Kautilya Arthashastra

by R. Shamasastry | 1956 | 174,809 words | ISBN-13: 9788171106417

The English translation of Arthashastra, which ascribes itself to the famous Brahman Kautilya (also named Vishnugupta and Chanakya) and dates from the period 321-296 B.C. The topics of the text include internal and foreign affairs, civil, military, commercial, fiscal, judicial, tables of weights, measures of length and divisions of time. Original ...

Chapter 5 - Restoration of Peace in a Conquered Country

The expedition which the conqueror has to undertake may be of two kinds: in wild tracts or in single villages and the like.

The territory which he acquires may be of three kinds: that which is newly acquired, that which is recovered (from an usurper), and that which is inherited.

Having acquired a new territory, he should cover the enemy’s vices with his own virtues, and the enemy’s virtues by doubling his own virtues, by strict observance of his own duties, by attending to his works, by bestowing rewards, by remitting taxes, by giving gifts, and by bestowing honours. He should follow the friends and leaders of the people. He should give rewards, as promised, to those who deserted the enemy for his cause; he should also offer rewards to them as often as they render help to him; for whoever fails to fulfil his promises becomes untrustworthy both to his own and his enemy’s people. Whoever acts against the will of the people will also become unreliable. He should adopt the same mode of life, the same dress, language, and customs as those of the people. He should follow the people in their faith with which they celebrate their national, religious and congregational festivals or ṇmuseṃcnts. His spies should often bring home to the mind of the leaders of provinces, villages, castes, and corporations the hurt inflicted on the enemies in contrast with the high esteem and favour with which they are treated by the conqueror, who finds his own prosperity in theirs. He should please them by giving gifts, remitting taxes, and providing for their security. He should always hold religious life in high esteem. Learned men, orators, charitable and brave persons should be favoured with gifts of land and money and with remission of taxes. He should release all the prisoners, and afford help to miserable, helpless, and diseased persons. He should prohibit the slaughter of animals for half a month during the period of Cāturmāsya (from July to September), for four nights during the full moon, and for a night on the day of the birth star of the conqueror or of the national star. He should also prohibit the slaughter of females and young ones (yonibālavadha) as well as castration. Having abolished those customs or transactions which he might consider either as injurious to the growth of his revenue and army or as unrighteous, he should establish righteous transactions. He should compel born thieves as well as the Mlecchas to change their habitations often and reside in many places. Such of his chief officers in charge of the forts, country parts, and the army, and ministers and priests, as are found to have been in conspiracy with the enemy should also be compelled to have their habitations in different places on the borders of the enemy’s country. Such of his men as are capable to hurt him, but are convinced of their own fall with that of their master, should be pacified by secret remonstrance. Such renegades of his own country as are captured along with the enemy should be made to reside in remote corners. Whoever of the enemy’s family is capable to wrest the conquered territory and is taking shelter in a wild tract on the border, often harassing the conqueror, should be provided with a sterile portion of territory or with a fourth part of a fertile tract on the condition of supplying to the conqueror a fixed amount of money and a fixed number of troops, in raising which he may incur the displeasure of the people and may be destroyed by them. Whoever has caused excitement to the people or incurred their displeasure should be removed and placed in a dangerous locality.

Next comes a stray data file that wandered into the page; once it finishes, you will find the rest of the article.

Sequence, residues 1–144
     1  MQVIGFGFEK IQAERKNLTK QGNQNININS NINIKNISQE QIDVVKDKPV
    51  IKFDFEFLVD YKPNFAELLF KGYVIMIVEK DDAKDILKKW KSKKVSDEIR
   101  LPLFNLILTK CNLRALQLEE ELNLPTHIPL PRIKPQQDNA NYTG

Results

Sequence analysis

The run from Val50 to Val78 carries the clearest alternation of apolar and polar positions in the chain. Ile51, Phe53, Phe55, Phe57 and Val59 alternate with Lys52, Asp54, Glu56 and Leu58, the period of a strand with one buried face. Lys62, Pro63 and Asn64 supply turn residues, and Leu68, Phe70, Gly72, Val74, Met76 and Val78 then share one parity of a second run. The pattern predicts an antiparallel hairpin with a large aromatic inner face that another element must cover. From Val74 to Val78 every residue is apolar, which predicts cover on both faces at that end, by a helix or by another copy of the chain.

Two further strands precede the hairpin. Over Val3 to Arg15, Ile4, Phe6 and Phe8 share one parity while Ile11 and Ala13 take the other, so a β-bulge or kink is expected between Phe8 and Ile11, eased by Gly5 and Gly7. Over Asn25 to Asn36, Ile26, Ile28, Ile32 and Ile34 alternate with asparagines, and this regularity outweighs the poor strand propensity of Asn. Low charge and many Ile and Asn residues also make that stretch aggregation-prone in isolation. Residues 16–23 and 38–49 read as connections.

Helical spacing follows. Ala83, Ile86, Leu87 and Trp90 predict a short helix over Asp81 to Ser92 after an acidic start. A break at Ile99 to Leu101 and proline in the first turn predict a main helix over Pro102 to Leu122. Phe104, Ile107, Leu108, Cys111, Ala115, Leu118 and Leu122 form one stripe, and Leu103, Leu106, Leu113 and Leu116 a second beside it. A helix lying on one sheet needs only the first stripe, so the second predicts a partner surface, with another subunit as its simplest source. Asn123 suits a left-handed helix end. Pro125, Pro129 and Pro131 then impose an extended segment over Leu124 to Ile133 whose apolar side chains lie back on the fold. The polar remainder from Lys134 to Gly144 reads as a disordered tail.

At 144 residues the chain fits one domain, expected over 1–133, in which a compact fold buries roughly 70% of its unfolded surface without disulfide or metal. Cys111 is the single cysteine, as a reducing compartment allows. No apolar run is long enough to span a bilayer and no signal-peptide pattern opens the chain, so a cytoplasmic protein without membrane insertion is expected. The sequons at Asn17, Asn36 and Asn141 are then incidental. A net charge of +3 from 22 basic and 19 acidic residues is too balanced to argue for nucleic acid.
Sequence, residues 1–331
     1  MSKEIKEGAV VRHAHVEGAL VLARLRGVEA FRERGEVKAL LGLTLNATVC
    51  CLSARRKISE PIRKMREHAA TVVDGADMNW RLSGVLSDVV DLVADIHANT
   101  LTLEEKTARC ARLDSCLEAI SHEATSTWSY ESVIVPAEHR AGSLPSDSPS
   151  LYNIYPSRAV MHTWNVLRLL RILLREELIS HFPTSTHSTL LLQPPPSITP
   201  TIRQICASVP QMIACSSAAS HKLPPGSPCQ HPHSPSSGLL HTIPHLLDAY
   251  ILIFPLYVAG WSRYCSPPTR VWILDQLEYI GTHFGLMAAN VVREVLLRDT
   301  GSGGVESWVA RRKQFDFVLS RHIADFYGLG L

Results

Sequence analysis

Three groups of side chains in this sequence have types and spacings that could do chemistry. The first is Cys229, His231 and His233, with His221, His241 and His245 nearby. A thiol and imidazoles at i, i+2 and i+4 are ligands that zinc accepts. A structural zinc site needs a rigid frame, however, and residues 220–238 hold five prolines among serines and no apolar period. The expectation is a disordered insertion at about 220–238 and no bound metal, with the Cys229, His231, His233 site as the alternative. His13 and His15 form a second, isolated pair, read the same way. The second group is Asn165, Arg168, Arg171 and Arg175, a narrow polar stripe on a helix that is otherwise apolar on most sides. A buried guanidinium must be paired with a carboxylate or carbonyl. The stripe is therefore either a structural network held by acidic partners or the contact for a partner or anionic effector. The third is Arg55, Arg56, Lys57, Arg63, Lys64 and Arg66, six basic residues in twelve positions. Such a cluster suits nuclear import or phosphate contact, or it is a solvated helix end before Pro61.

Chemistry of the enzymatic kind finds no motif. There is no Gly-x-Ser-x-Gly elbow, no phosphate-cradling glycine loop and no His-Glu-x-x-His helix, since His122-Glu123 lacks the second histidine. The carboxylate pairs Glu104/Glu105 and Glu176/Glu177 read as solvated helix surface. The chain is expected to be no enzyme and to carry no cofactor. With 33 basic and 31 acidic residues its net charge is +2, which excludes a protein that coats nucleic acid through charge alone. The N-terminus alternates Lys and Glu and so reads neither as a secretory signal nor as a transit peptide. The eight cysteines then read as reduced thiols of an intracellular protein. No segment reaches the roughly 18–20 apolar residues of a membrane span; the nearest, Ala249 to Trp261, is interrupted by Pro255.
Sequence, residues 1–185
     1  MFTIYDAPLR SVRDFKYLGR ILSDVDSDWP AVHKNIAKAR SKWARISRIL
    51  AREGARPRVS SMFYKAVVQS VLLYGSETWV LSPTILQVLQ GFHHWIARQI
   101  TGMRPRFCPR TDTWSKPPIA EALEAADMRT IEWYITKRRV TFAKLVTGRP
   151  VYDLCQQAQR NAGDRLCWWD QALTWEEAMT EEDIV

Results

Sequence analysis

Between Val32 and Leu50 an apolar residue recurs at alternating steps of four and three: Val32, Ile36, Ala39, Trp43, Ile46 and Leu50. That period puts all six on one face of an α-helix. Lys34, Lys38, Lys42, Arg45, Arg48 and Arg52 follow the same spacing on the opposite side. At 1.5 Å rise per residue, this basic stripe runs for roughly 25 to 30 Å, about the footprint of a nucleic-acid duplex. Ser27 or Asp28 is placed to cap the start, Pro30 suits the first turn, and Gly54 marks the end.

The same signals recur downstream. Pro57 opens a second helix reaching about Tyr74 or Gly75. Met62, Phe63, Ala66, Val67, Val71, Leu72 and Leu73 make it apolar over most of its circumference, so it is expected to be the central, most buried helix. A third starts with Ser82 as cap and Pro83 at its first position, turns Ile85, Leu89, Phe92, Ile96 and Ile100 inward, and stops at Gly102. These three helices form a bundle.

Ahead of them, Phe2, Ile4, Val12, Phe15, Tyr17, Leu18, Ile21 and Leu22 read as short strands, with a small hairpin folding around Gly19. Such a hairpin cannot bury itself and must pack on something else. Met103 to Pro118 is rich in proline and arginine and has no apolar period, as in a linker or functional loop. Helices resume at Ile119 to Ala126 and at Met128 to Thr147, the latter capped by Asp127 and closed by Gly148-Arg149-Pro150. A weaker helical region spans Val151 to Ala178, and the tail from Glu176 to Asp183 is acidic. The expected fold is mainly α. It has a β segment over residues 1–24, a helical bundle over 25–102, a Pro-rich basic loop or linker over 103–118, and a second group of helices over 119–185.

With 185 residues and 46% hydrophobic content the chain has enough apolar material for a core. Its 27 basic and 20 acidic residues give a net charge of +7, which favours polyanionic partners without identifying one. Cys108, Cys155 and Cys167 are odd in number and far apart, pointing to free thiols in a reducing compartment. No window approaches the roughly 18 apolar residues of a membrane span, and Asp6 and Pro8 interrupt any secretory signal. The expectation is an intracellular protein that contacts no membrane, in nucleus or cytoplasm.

Having recovered a lost territory, he should hide those vices of his, owing to which he lost it, and increase those virtues by which he recovered it.

With regard to the inherited territory, he should cover the vices of his father, and display his own virtues.

* He should initiate the observance of all those customs, which, though righteous and practised by others, are not observed in his own country, and give no room for the practice of whatever is unrighteous, though observed by others.

[Thus ends Chapter V, “Restoration of Peace in a Conquered Country,” in Book XIII, “Strategic Means to Capture a Fortress” of the Arthaśāstra of Kauṭilya. End of the hundred and forty-fifth chapter from the beginning.

With this ends the Thirteenth Book, “Strategic Means to Capture a Fortress” of the Arthaśāstra of Kauṭilya.]

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